Let's rethink the minimum wage. It's not the government playing Robin Hood, taking from bosses and giving to workers. Raising the minimum boosts spending across the economy, helping businesses that sell to Americans. It's too bad the Chamber of Commerce and conservative business groups fight increases; they're hurting workers and themselves.
The environmentalist Garrett Hardin famously coined "tragedy of the commons" in a 1968 paper in Scientific American. Tragedy results when individuals press their interests on common property, to everyone's detriment. If herders share a common pasture, and each of them breeds as many animals as possible, overgrazing spoils the pasture.
Modern economies are common ground. Keeping wages down helps each business's bottom line, but minimizes what workers can spend, which is bad for every other business. If you own a pizza place, and I own a grocery, you lose if my workers can't afford pizza, and I lose if your workers buy beans instead of beef. What we need is a rule: every business must pay a decent wage. That's what minimum-wage laws are supposed to do.
In today's America, low-income workers are growing in number, and the economy needs their spending more than ever. They take their money to Main Street, where it's needed. Let's restore a decent minimum wage.
Raising the Minimum Gives Millions of Workers More Money to Spend
The proposed Harkin-Miller Fair Minimum Wage Act would raise the federal minimum in three increments from $7.25 to $9.80 an hour. In 2011, 14.8 million workers--twenty percent of hourly employees--earned $9.85 or less.
Not only would nearly all those workers benefit, so would millions more. The Bureau of Labor Statistics tracks wages in retail, food services, hospitality and other industries where most workers start at the minimum wage or a few cents higher and get raises with experience. The Bureau's historical data series show that an increase in the minimum nudges the rest, and median wages in those industries go up by about the same amount.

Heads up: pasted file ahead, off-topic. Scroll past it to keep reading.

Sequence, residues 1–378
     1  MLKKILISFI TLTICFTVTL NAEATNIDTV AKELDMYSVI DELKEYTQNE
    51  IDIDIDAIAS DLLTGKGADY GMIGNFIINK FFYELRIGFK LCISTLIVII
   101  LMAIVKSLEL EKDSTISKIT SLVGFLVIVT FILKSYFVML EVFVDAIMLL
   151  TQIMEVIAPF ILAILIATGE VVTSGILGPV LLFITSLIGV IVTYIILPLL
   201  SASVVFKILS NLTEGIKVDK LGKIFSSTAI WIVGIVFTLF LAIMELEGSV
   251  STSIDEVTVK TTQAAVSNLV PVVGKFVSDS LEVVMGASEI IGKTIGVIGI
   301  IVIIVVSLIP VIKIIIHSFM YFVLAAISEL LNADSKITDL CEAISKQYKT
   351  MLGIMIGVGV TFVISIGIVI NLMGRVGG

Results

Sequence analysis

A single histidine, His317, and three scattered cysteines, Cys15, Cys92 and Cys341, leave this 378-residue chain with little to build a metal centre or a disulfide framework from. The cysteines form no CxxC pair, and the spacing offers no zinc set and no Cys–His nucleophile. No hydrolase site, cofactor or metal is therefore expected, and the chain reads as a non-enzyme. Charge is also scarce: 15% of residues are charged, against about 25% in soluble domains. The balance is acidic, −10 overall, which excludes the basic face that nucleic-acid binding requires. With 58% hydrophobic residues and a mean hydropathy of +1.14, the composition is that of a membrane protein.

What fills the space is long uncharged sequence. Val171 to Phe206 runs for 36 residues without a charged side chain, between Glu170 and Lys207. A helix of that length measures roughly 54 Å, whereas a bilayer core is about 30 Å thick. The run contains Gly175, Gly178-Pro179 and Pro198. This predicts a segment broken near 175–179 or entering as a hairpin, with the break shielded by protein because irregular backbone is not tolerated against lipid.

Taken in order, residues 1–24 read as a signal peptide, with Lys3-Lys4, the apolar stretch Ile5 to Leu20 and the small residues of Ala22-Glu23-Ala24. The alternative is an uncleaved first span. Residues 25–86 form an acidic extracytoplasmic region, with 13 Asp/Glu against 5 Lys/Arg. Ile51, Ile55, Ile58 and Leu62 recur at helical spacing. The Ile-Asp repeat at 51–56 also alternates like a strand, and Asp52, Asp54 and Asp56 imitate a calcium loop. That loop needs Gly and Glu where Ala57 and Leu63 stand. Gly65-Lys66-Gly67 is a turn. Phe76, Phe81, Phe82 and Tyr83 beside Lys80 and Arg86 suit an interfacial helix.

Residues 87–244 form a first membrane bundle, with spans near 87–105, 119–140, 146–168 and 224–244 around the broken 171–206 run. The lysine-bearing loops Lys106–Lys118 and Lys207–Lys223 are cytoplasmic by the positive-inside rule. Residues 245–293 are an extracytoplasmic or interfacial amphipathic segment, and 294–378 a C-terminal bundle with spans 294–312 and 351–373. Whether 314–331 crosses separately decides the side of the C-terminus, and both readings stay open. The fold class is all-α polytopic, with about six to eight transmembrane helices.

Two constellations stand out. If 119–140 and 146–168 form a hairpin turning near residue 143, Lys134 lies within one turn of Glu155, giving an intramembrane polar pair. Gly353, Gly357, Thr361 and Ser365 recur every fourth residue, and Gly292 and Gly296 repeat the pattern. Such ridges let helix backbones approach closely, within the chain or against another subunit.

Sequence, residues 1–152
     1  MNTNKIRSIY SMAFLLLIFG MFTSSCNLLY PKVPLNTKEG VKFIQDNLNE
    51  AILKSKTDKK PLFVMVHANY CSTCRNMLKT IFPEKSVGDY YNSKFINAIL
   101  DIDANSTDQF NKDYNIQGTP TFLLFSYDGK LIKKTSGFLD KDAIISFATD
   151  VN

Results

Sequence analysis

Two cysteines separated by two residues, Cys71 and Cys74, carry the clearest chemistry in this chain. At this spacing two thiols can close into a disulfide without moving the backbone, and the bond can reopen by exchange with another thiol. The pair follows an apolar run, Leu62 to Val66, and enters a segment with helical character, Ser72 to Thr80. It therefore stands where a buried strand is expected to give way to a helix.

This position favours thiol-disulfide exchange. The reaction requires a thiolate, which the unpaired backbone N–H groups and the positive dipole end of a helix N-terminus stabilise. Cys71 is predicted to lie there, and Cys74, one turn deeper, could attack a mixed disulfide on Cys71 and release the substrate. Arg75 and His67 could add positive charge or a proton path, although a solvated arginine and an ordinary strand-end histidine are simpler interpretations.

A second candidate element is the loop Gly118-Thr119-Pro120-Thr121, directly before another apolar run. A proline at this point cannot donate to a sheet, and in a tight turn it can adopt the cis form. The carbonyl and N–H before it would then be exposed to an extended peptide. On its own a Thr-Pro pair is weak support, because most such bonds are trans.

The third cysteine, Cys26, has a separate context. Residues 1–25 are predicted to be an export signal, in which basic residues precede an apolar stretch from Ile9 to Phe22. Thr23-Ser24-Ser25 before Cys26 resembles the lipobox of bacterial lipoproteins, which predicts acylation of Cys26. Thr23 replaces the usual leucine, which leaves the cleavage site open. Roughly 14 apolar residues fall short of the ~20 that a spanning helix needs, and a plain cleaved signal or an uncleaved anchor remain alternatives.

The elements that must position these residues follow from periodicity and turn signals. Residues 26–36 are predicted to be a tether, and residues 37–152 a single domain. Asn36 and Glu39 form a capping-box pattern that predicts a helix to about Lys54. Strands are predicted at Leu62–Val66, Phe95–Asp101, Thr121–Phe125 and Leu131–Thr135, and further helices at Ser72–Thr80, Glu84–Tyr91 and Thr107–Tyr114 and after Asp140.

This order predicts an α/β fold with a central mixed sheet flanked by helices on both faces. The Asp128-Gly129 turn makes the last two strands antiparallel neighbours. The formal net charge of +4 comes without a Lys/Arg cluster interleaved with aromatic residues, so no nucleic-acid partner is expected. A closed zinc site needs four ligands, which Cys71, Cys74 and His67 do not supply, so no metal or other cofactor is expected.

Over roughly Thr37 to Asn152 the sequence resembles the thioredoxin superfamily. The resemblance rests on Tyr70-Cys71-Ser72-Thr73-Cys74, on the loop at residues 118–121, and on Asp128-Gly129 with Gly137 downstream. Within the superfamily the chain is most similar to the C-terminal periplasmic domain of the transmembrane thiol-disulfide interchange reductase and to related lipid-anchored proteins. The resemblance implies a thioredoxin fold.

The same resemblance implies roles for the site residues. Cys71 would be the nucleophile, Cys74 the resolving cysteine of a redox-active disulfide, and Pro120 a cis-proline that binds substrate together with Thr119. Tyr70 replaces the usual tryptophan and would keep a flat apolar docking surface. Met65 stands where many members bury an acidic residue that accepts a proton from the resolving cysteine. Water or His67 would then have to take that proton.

Minimum-wage increases circulate through the economy. My analysis of Commerce Department data found that annual growth of real gross domestic product averaged 3.17 percent over the period 1950 -- 2011. The gain in years following increases in the federal minimum was 3.25 percent, despite the fact that increases were small and over time failed to keep up with inflation. More sophisticated economic studies also conclude that raising the minimum has a positive effect.
America Needs Low-Income Spenders More than Ever
Until 2008, America's spenders partied. From 1946 until the mid-1970s, real wages and salaries boomed, and spending followed. Although income gains slowed after 1980, spending kept right on growing, as more women entered the workforce and households financed purchases with mounting private debt.
Low-income buyers counted, but were easily overlooked, because they left the party early. From 1970 to the present, the federal minimum wage lost 30 percent of its buying power. Not only were increases small, under GOP administrations they were rare.
The middle class partied on until 2008. Since then, median household annual income has dropped $4000. Home equity has crashed, households don't try to borrow, and banks don't lend. Spending fell with the fortunes of middle-income earners, and though it has risen from the depths of the recession, it remains well below its mid-noughties peak, after adjusting for population growth and inflation.
To restore the fortunes of the middle class, America must improve the incomes of swelling masses who now earn very little. Most of the jobs added since the start of the Great Recession pay low wages, a situation that is not about to improve dramatically. The Bureau of Labor Statistics forecasts that through 2020 the four largest categories of new jobs will be registered nurses, retail salespersons, home health aides and personal care aides. Except for the nurses, most of those jobs pay wages near the bottom.
So the relative contribution of low-income workers to spending will be greater than in past decades. If they get better wages, everyone who sells to Americans wins.
Business Should Welcome Government Action
Whatever the causes of the great recession--private debt, real estate bubble, Wall Street gambling--slack spending was not one of them. Nevertheless, the American economic commons remains in a rut, and better wages at the bottom would aid recovery. Increases in the minimum wage see to it that no one business has to bear the burden alone.